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Prevention and treatment of liver allograft antibody-mediated rejection and the role of the ‘two-hit hypothesis’

Kim, Peter T.W.; Demetris, Anthony J.; O’Leary, Jacqueline G.

Current Opinion in Organ Transplantation: April 2016 - Volume 21 - Issue 2 - p 209–218
doi: 10.1097/MOT.0000000000000275

Purpose of review The review outlines the diagnosis, prevention strategies, and possible treatment options for acute and chronic antibody-mediated rejection (AMR).

Recent findings Although rare, severe acute AMR (aAMR) usually occurs in patients with high mean fluorescence intensity despite serial dilutions or high-titer preformed class I donor-specific alloantibodies (DSA). The diagnosis is suspected when allograft dysfunction occurs with DSA, diffuse C4d staining, and a microvascular injury, and may be aided by the aAMR score. However, the incidence of and treatment approach to combined T-cell-mediated rejection (TCMR) with DSA present and some but not all features of AMR is yet to be determined. Chronic liver allograft AMR is characterized by low-grade chronic inflammation and progressive fibrosis with DSA, the chronic AMR (cAMR) score may facilitate diagnosis. The ‘two-hit’ hypothesis, whereby a coexistent insult upregulates human leukocyte antigen class II target antigens on the microvascular endothelium, may explain why suboptimal donors with lower sensitization levels might suffer from acute AMR and those with chronic complications (e.g., recurrent original disease) might be more susceptible to chronic AMR. Although treatment algorithms are needed, prevention is preferable and at a minimum includes transfusion minimization, and medication adherence.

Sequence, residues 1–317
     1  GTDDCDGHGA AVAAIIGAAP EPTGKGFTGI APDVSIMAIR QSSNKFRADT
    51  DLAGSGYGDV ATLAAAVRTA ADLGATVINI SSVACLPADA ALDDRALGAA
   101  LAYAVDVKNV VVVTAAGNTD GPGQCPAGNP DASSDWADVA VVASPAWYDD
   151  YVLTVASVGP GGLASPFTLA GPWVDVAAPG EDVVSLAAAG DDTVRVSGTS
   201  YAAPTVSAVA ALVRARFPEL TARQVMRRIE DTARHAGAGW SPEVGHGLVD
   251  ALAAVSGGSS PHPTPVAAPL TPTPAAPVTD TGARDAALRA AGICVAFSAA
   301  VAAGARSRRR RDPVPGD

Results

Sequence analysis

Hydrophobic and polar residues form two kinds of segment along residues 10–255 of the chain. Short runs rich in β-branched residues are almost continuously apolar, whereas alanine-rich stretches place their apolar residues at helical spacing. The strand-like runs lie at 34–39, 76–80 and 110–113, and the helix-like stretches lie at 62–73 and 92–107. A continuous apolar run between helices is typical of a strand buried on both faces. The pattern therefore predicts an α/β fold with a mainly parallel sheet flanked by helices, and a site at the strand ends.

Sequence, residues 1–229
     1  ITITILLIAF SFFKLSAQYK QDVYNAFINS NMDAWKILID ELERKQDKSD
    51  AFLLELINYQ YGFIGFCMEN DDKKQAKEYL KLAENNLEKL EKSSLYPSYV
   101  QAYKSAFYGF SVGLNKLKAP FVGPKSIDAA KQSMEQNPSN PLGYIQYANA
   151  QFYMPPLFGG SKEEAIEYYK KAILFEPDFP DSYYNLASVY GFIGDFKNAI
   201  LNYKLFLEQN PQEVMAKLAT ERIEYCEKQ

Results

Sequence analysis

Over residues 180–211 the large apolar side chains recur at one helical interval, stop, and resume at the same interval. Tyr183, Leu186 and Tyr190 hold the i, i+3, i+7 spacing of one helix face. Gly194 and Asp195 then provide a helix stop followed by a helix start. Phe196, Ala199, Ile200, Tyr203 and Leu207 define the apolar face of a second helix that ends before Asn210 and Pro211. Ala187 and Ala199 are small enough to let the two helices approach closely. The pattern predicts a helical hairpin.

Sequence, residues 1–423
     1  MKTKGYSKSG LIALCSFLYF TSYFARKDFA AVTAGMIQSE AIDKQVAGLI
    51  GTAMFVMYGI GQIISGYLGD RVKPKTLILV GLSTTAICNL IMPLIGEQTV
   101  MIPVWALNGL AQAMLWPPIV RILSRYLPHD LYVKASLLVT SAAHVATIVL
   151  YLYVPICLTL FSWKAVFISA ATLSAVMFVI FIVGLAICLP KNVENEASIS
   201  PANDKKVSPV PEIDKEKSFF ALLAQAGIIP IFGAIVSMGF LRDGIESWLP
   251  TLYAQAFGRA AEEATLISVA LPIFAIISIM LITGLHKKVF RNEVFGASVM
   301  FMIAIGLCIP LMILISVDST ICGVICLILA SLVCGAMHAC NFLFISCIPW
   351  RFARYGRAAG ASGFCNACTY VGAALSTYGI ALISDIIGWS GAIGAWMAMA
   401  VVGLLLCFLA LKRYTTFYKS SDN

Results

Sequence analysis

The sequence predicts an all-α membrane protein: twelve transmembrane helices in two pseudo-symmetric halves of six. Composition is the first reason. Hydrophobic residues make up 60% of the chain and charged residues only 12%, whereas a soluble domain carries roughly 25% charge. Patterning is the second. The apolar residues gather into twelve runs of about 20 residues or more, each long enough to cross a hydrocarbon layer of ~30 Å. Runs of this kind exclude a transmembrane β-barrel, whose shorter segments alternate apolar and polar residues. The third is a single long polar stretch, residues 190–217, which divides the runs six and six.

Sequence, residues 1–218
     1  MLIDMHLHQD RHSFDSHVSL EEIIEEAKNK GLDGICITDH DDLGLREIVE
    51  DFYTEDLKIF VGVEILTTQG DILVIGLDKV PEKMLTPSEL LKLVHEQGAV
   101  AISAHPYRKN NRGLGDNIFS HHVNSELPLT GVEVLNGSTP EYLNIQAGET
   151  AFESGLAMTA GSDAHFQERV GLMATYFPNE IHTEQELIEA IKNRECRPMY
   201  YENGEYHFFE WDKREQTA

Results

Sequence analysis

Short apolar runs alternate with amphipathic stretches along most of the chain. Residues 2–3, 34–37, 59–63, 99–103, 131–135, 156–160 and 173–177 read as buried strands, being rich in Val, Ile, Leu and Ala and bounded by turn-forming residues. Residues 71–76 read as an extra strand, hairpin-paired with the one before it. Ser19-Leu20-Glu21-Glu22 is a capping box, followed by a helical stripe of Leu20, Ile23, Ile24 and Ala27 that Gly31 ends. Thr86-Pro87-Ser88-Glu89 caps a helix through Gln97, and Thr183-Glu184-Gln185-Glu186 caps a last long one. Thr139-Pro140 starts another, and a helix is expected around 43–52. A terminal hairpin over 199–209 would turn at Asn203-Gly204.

Summary Severe acute AMR is rare but diagnosable, and there is need to determine the incidence of and optimal therapy for less severe combined AMR and TCMR. Chronic AMR is likely more common and of significant relevance to long-term allograft survival improvement. The two-hit hypothesis may help to explain the rarity of both findings and shed insight onto future prevention and treatment strategies.

aAnnette C. and Harold C. Simmons Transplant Institute, Baylor University Medical Center, Dallas, Texas

bDepartment of Pathology, University of Pittsburgh, Pittsburgh, Pennsylvania, USA

Correspondence to Jacqueline G. O’Leary, MD, MPH, Annette C. and Harold C. Simmons Transplant Institute, Baylor University Medical Center, 3410 Worth Street, Suite 950, Dallas, TX 75246, USA. Tel: +1 214 820 8500; fax: +1 214 820 0993; e-mail:

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